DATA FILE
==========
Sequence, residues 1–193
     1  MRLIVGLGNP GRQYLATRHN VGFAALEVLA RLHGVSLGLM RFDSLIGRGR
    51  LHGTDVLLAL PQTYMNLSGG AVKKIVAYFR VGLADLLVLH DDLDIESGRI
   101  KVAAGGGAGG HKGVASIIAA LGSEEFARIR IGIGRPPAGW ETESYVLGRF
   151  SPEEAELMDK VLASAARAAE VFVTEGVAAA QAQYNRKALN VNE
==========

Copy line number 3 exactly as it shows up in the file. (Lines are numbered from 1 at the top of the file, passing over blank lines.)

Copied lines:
    51  LHGTDVLLAL PQTYMNLSGG AVKKIVAYFR VGLADLLVLH DDLDIESGRI